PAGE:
Joseph E. Stiglitz on Capitalism…

… or the absence thereof.

I am going through one of my phases of despondency. Can’t get to write anything as our leaders are still spewing the same old swill over and over again. A leveraged EFSF?!

Anyway. What got me going today was this piece gleaned on the pages of Jesse’s Cross Roads Cafe written by Stiglitz, Nobel laureate that he is.

The online version of the article cannot be read in full but somehow Jesse’s got the entirety of the text. So, give it a read. The article is factual and rather good. But then at the end of the article Stiglitz drops the ball with this pearl:

The truth is most of the individual mistakes boil down to just one: a belief that markets are self-adjusting and that the role of government should be minimal.”

How a Noble laureate in economics cannot see or admit that government has been anything but grossly interventionist over the past thirty years beggars belief. The willful, arbitrary and unilateral manipulation of interest rates constitutes the greatest degree of intervention by the authorities – without mentioning that interest rates have largely always been manipulated in a manner contrary to market signals. The $700 Billion TARP was gross, blatant and deliberate intervention. All bailouts of banks, industry and sundry IS GROSS, BLATANT, DELIBERATE and very likely illegal intervention. The $1 Billion plowed into LTCM was then staggering intervention. Subsidies to industry and economic entities are intervention particularly if said subsidies never end. Government allowing regulators to unilaterally decide that banks can disregard accounting rules that apply to everyone else IS GROSS INTERVENTION. The Presidnet of the United States appointing to high office members of entities that have had a hand in bringing about the crisis IS GROSS INTERVENTION. Government taking on the risk of Fannie Mae and Freddy Mac IS GROSS INTERVENTION.

I’ve got to get me one of them Noble prizes at some point!

And through it all, the one thing that even Stiglitz does not, does not want to or cannot touch upon… is the monetary system… and so he loiters about in an environment of proximate causes blind (willfully?) to the ultimate driver of this current debacle.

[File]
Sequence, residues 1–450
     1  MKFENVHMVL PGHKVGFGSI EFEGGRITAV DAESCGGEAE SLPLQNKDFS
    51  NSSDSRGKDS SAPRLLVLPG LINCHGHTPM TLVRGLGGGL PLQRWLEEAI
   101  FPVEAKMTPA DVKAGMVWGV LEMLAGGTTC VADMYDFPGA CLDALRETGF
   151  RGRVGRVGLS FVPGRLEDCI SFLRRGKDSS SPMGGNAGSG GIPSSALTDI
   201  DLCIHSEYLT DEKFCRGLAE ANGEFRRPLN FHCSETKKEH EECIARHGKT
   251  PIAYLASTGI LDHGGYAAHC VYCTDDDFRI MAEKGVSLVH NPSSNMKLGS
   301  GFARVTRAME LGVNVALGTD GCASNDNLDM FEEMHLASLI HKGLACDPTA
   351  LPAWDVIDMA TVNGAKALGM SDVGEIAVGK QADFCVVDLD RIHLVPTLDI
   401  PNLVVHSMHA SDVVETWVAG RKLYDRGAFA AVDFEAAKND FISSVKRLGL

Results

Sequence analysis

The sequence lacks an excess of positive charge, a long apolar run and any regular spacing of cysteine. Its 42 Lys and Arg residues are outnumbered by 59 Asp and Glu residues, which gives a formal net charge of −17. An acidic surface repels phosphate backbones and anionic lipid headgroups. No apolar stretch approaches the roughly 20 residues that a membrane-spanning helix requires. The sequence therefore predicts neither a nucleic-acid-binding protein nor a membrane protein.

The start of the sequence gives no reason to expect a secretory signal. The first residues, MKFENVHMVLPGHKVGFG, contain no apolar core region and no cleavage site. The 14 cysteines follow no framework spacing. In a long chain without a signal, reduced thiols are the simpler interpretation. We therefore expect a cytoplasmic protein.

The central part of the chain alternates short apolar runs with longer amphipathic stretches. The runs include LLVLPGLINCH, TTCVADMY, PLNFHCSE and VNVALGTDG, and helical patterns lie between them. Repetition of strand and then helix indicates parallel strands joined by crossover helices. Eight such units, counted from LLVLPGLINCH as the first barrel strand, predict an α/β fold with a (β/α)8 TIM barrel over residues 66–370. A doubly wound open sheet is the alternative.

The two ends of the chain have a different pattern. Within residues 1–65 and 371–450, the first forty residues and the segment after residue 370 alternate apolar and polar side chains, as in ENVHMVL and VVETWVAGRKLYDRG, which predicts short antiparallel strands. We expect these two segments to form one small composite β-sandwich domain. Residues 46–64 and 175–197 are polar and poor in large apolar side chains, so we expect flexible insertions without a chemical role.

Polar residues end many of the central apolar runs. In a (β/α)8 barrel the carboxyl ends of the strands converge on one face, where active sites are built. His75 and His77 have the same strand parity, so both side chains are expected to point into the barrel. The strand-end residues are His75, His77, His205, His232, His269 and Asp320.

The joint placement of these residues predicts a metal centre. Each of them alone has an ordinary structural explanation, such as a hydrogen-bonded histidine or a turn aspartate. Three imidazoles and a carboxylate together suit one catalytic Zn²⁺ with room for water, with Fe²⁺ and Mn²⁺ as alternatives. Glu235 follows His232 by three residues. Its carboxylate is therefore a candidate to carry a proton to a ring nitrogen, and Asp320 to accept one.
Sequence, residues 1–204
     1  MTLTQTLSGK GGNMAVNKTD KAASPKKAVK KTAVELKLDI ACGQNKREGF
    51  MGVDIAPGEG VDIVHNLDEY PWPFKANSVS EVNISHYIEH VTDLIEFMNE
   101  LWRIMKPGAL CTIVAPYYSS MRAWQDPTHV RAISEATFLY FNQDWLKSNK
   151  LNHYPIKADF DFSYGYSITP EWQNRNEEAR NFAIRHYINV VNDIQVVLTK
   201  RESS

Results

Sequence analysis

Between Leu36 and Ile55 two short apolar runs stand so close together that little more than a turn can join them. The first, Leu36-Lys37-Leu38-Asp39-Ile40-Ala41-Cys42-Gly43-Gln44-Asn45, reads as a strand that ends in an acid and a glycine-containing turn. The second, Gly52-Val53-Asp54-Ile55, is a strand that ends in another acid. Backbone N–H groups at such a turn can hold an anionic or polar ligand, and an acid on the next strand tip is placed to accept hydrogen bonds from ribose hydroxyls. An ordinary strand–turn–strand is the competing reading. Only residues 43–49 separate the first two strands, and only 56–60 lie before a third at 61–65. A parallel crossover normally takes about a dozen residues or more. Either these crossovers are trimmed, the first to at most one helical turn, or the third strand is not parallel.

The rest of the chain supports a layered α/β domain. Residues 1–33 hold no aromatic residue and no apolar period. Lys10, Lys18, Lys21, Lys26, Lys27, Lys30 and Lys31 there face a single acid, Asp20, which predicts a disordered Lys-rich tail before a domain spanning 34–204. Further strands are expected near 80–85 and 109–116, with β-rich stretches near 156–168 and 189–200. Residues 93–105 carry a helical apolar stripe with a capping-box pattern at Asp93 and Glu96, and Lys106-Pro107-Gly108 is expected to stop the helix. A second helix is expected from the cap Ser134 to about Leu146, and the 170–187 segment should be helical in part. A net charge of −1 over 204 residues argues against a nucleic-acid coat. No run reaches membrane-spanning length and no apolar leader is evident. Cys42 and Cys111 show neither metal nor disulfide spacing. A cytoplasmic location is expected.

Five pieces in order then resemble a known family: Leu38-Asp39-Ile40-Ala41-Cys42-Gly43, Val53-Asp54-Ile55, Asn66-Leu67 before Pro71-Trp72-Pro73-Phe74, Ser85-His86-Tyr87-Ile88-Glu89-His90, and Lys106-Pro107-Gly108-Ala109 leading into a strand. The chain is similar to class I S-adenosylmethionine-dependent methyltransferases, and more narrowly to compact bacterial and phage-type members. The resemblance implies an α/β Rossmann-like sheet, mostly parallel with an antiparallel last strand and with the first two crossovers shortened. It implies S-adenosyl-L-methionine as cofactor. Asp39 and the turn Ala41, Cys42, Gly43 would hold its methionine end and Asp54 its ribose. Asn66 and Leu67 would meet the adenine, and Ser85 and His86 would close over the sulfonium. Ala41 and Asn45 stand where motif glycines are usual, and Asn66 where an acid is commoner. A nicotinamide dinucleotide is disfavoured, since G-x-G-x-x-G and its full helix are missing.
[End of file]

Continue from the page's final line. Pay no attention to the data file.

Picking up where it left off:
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5 Responses to “Joseph E. Stiglitz on Capitalism…”

  1. Jim Says:

    Stiglitz remains beyond my comprehension. The banking industry is the least laissez-faire industry in the world, more regulated even than health care.

    The authority to manipulate the banking industry and therefore the macro economy is all concentrated in the cartel of the Fed and a few supposedly well-meaning politicians.

    These are not opinions of irrational free marketers. These are the facts and they are the result of conscious decision making.

    Further, Stiglitz seems to ignore the very real fact that even under such a contrived system, the market did attempt to ‘self-adjust,” BUT IT WAS PREVENTED FROM DOING SO.

    I would love to interview this man. I wonder what he makes of the fact hat the most authoritarian industry in the world, regulated to the extreme, is also he industry that has the most recurring failure with the most debilitating result. Does he view those two facts as unrelated?

    Here is how I view people like Stiglitz. He is like the scientist on Bones, who everyone calls a genius. Really a very educated specialist with no common sense whatsoever. We have all met folks like that, especially professors. It is more accurate to call them idiot savants than geniuses. Take their advice on anything outside their narrow field of research? Not on your life.

    • guidoamm Says:

      Indeed, that is the purpose of DBFM and fractional reserve banking; to enable the monetary authority to short circuit the natural tendency of the system to reset. By postponing the logical conclusion of DBFM the monetary authority can financialize greater swathes of the economy thereby absorbing more productive capital than could otherwise be possible. Hence the forced expansion of public debt despite overwhelming empirical evidence that doing so is detrimental to the stability of societies and countries….

  2. Pat Donnelly Says:

    There are very few heroes out there! What good will the truth do for the common man? Better to prepare for the next feast of cheap credit, as soon as possible…. not my thinking, but a rationale of why Joe S has changed sides. He gets more $ from the new Joe S! After all, he did win a Nobel and has to put bread on the table ….

  3. Pat Donnelly Says:

    The explanation is being spun! Banks and governments are victims, not criminal parties!

    • guidoamm Says:

      That certainly seems to be the case. Then again, it is no different than how the notion of “capital” has been subverted over the past 40 years. Therefore we cannot and should not expect a sudden change towards fiduciary duty and truth.

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